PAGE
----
Q. I have just bought a 15.2hh 3/4 TB who has previous experience hunting and show jumping. However, he has been turned away and not ridden for the past two years. I will be bringing him steadily back into work, but I am unsure how to feed in these circumstances. At present, he is getting haylage and occasionally soaked sugar beet, but little else. I intend to keep him turned out during the summer and stable him in bad weather. Can you give me any advice?
Christine Smy, independent nutritionist, answers: As your horse has been turned out for two years, you mustgo back to basics. You do not mention his current body condition and Thoroughbred-types are often not good doers. However, good quality spring and summer grass should provide adequate condition while your horse is getting fit.
As he is used to haylage, continue to feed this, particularly while he is stabled. When it comes to concentrates, I would suggest that he is fed just a broad-spectrum supplement mixed with a handful of chaff. This applies particularly in your case as the horse has not been used to concentrates over the past couple of years.
Choose nutritious chaff, such as dried grass or alfalfa, and steer clear of heavily molassed products. You could dampen the chaff with a little soaked sugar beet pulp, which will also help the supplement to blend in, particularly if it is in a powdered form.
When you are a month or so into your fitness programme and starting trot work, assess your horse’s body condition and energy levels. If you feel he needs an additional feed, introduce a low-energy, high-fibre cube. This will mimic his natural feeding regime, while providing a balanced diet.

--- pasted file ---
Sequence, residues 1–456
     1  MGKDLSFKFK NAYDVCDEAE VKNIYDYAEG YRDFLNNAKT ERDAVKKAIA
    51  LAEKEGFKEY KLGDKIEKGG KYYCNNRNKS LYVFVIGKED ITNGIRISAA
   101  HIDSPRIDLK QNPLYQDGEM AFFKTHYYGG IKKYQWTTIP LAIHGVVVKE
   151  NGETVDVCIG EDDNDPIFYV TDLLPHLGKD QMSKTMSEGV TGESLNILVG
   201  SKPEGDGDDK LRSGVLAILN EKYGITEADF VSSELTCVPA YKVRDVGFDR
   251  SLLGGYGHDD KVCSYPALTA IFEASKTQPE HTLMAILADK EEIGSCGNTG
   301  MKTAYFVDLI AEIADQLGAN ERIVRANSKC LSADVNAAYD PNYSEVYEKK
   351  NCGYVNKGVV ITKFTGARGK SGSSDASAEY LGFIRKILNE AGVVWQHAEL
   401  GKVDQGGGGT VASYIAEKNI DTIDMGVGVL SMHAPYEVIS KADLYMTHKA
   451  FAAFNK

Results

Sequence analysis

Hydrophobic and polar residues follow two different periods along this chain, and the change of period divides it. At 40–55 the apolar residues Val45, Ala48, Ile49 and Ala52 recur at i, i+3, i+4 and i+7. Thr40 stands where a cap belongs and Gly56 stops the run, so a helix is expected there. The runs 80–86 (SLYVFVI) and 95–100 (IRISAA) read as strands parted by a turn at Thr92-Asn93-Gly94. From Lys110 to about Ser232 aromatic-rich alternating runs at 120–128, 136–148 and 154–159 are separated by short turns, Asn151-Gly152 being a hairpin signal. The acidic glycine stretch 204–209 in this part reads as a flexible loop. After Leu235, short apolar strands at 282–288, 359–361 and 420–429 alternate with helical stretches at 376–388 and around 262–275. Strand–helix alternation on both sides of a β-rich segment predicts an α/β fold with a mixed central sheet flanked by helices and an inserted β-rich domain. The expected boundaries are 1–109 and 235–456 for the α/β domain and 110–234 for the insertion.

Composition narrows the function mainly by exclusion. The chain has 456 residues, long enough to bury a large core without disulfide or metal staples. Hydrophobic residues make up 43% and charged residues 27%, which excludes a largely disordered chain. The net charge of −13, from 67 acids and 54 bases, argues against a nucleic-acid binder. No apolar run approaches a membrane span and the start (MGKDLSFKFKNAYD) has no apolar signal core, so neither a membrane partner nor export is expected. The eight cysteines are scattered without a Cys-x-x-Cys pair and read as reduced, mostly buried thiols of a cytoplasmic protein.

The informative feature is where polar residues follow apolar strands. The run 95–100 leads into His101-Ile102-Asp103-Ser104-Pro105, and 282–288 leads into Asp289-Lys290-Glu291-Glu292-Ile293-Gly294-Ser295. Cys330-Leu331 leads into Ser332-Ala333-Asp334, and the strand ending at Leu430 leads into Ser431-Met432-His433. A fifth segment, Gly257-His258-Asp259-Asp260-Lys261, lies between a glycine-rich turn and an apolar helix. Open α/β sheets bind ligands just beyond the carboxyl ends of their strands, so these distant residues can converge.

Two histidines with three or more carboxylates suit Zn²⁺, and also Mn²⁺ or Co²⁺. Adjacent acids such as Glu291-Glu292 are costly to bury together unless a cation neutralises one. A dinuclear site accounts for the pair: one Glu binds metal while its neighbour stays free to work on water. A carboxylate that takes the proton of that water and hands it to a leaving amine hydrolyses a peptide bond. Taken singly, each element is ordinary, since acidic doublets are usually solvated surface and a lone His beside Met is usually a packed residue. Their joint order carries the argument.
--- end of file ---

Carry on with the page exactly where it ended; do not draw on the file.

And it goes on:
As the work level increases, up the cubes to a total daily feed of 2kg (4.5lb) split between at least two feeds. Once you have reached these levels, the supplement will no longer be required.
When you start canter work, you may choose gradually to change the cubes to a low-energy mix or cube. Replace the high-fibre cubes over a week or so and stop once your horse’s energy levels are adequate.
If you’re thinking about competition work, you may decide to move up to a competition mix or cube. Again, replace the current ration weight for weight over a week and stop when you feel you have adequate energy and body condition.
Do not feed more than around 1.5kg per feed, and if you find you are feeding 4kg a day and your horse still requires more weight or energy, do not continue to increase the amount you are feeding.
Switch to a more appropriate feed, such as a conditioning ration for body weight or a race mix or cube for extra energy. Feed a specific amount and type of feed that you are happywith, rather than feeding something because you think you should.
|Click here to subscribe to HORSE magazine, which is packed with horsecare features every month|